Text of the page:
As we reflect on the significance of education this month, today we recognize that standardized evaluations do not always capture the breadth of individual potential. On August 4, we celebrate the Feast Day of Saint John Vianney, who became a devoted servant for Christ and spiritual example, despite having learning difficulties early in his career.
The Shepherd-Boy Soldier Turned Spiritual Teacher
Saint John Vianney was born to a shepherd-farmer in France in 1786, shortly before the beginning of the Napoleonic Revolution. Vianney was not content to simply tend to the animals at home though; he knew he wanted to study God’s word and be involved in ministry. At age 20, he began his theological studies with Abbé Balley, but shortly after was drafted into the army through a clerical mistake. In an unconventionally sanguine turn of events, Vianney fell ill when his battalion was leaving for Spain and stayed behind. When he recovered, he met a man on the road who led him to an encampment of deserters deep in the woods – among whose ranks he could now count himself. For some time, he lived in hiding, evading the notice of the French soldiers nearby until Napoleon declared general amnesty in 1810.
Finally able to resume his studies with peace of mind, Vianney enrolled in the seminary at Lyons. He struggled greatly with Latin – which was unfortunately the language all his classes were conducted in. Although he failed his exams for the priesthood, his personal devotion was so great that Abbé Balley intervened on his behalf, tutoring him privately until he was ordained in 1815.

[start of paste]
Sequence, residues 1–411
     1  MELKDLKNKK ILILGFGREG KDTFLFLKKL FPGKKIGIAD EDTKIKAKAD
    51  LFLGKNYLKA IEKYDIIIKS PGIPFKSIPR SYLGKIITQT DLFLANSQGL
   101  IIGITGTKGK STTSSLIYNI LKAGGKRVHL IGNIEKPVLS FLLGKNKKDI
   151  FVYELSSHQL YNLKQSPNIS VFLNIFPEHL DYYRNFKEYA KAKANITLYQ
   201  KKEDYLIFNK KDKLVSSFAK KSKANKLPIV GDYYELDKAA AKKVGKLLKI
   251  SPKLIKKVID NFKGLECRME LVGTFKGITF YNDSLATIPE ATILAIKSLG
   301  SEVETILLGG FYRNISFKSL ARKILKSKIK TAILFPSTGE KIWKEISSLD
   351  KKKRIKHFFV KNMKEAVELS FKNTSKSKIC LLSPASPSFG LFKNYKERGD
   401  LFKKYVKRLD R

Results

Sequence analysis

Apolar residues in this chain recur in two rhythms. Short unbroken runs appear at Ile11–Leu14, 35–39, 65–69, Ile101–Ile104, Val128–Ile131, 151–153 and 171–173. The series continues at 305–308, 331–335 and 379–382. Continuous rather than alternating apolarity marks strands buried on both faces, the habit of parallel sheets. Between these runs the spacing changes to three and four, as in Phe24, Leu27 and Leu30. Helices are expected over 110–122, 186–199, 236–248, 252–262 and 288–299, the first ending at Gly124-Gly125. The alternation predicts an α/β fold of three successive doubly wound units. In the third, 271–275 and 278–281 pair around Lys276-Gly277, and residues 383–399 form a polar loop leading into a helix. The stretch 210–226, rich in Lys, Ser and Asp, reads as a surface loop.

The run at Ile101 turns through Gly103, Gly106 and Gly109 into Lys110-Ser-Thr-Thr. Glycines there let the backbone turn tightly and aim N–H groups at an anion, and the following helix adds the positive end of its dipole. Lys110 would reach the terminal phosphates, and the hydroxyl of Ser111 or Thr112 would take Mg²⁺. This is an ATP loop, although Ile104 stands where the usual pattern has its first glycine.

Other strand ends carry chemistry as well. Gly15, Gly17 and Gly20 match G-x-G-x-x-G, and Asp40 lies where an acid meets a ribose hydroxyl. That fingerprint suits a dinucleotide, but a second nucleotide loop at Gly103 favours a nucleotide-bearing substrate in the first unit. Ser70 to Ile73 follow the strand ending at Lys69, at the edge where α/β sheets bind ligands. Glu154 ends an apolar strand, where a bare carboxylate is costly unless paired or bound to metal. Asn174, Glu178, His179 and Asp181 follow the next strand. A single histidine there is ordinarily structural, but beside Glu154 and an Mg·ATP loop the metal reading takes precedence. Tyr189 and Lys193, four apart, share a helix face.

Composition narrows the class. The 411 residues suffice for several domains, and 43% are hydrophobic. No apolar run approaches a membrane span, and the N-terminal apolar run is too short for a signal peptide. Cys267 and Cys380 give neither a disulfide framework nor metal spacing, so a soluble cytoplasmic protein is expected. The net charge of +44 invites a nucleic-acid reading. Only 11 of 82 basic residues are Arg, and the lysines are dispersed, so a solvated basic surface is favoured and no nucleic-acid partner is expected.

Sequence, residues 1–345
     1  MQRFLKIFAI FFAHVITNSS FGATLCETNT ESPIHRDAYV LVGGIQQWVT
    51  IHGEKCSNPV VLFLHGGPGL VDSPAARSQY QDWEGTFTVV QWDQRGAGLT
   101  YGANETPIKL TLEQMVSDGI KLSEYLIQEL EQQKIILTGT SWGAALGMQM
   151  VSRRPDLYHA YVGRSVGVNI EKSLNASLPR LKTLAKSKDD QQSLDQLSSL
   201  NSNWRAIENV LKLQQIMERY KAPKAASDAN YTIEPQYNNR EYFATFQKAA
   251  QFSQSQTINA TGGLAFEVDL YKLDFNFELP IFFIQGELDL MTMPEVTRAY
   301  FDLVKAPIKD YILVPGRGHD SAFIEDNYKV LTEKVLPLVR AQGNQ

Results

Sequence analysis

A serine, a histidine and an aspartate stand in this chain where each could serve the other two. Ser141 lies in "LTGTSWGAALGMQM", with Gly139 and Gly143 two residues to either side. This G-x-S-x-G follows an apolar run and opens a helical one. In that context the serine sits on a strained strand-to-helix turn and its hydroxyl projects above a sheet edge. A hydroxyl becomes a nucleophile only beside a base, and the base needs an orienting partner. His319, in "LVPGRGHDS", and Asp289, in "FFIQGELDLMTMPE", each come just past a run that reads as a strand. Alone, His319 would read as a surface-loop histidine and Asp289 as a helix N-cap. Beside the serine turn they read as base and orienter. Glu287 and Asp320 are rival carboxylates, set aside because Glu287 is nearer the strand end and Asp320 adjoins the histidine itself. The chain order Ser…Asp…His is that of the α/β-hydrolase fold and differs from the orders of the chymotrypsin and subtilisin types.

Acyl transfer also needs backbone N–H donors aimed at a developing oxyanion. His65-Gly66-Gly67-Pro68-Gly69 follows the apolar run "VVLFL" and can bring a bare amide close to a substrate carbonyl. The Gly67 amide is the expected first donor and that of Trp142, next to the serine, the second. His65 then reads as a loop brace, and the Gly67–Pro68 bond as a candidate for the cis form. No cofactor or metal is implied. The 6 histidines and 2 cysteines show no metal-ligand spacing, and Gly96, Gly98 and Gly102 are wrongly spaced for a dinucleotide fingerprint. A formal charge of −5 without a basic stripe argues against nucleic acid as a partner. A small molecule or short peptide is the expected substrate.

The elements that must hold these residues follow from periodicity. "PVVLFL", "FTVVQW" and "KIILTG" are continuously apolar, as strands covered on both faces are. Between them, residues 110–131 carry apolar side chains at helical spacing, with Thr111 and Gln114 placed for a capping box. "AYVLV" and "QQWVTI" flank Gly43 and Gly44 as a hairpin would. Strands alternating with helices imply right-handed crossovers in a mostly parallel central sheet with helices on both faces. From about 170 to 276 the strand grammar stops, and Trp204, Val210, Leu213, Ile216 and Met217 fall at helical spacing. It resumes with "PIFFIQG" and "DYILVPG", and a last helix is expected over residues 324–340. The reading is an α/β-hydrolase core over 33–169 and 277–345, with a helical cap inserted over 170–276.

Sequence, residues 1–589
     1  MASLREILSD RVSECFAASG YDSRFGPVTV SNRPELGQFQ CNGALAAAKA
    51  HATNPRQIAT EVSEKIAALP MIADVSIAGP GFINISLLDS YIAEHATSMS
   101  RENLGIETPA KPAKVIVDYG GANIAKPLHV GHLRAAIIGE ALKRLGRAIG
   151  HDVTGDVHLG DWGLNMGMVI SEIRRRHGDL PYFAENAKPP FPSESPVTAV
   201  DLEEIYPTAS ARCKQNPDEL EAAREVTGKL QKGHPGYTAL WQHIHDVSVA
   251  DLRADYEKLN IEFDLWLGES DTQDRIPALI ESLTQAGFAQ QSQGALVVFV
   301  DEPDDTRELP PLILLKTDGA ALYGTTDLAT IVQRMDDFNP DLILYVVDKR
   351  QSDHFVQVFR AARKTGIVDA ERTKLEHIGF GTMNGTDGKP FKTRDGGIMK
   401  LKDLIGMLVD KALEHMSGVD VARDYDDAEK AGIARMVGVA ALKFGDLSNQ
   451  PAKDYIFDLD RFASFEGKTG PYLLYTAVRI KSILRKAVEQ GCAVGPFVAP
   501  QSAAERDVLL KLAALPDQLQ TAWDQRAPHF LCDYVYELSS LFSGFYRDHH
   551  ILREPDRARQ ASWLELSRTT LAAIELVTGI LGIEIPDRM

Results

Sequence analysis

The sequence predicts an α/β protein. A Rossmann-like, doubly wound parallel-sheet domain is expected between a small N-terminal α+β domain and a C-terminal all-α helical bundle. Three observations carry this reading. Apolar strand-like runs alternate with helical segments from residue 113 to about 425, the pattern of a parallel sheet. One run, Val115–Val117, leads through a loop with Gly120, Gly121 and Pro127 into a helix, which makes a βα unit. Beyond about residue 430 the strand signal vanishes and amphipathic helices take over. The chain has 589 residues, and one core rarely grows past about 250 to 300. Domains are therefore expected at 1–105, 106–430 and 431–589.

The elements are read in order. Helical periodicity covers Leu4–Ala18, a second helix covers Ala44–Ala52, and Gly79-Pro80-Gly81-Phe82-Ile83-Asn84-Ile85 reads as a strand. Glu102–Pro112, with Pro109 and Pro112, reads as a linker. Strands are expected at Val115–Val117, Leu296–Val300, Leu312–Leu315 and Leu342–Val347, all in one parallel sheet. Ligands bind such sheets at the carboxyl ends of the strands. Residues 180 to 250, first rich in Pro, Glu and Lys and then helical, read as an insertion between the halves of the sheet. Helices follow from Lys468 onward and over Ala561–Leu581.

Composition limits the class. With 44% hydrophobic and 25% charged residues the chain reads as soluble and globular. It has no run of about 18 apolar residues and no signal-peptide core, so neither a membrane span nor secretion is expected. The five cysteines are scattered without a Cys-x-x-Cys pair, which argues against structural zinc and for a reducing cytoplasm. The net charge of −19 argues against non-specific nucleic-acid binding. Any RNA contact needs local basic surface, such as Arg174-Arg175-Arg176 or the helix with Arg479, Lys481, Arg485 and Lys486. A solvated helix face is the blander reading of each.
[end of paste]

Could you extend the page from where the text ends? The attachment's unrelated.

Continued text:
A Sympathetic Listener
Although Vianney was sent to work at a rural village called Ars, he did not go on to live a life of obscurity by any means. Well-loved by his parish, he was known particularly for his attentive listening skills. He remained in the village for the rest of his life, and gained such great popularity that people traveled from far and wide to come visit him. In the last 15 years of his life, he would spend 12 to 16 hours a day in the confessional, and received 300 visitors a day on average. A special train ticket was sold in Lyons specifically for the pilgrimage to Vianney’s parish, and in the final year of his life over 100,000 individuals came to visit him. His encouragement inspired his parishioners, as well as countless others, to lead holier lives.
A Testament to God’s Power in Our Weakness
Vianney was so beloved among the French people that Napoleon sent him the Imperial Order of the Legion of Honor. A humble man, he refused to accept it. With a life so dedicated to ministry, Vianney’s own health suffered from overwork, and at age 73, he passed away.
Vianney’s life demonstrates that despite our weaknesses, God may accomplish greatness through our lives. While by the world’s standards, Vianney may have seemed like an academic failure, God empowered him to overcome his struggles, and used him for great purposes. Saint Vianney’s spiritual teaching encouraged and enriched the lives of hundreds of thousands. Because of his loving devotion to all who came to him, Saint John Vianney is known as the patron of parish priests.
Saint John Vianney is featured in the north apse of the Upper Church and the west transept mosaic.
Butler’s Lives of the Saints (ed. by Bernard Bangley)
Cowan’s The Way of Saints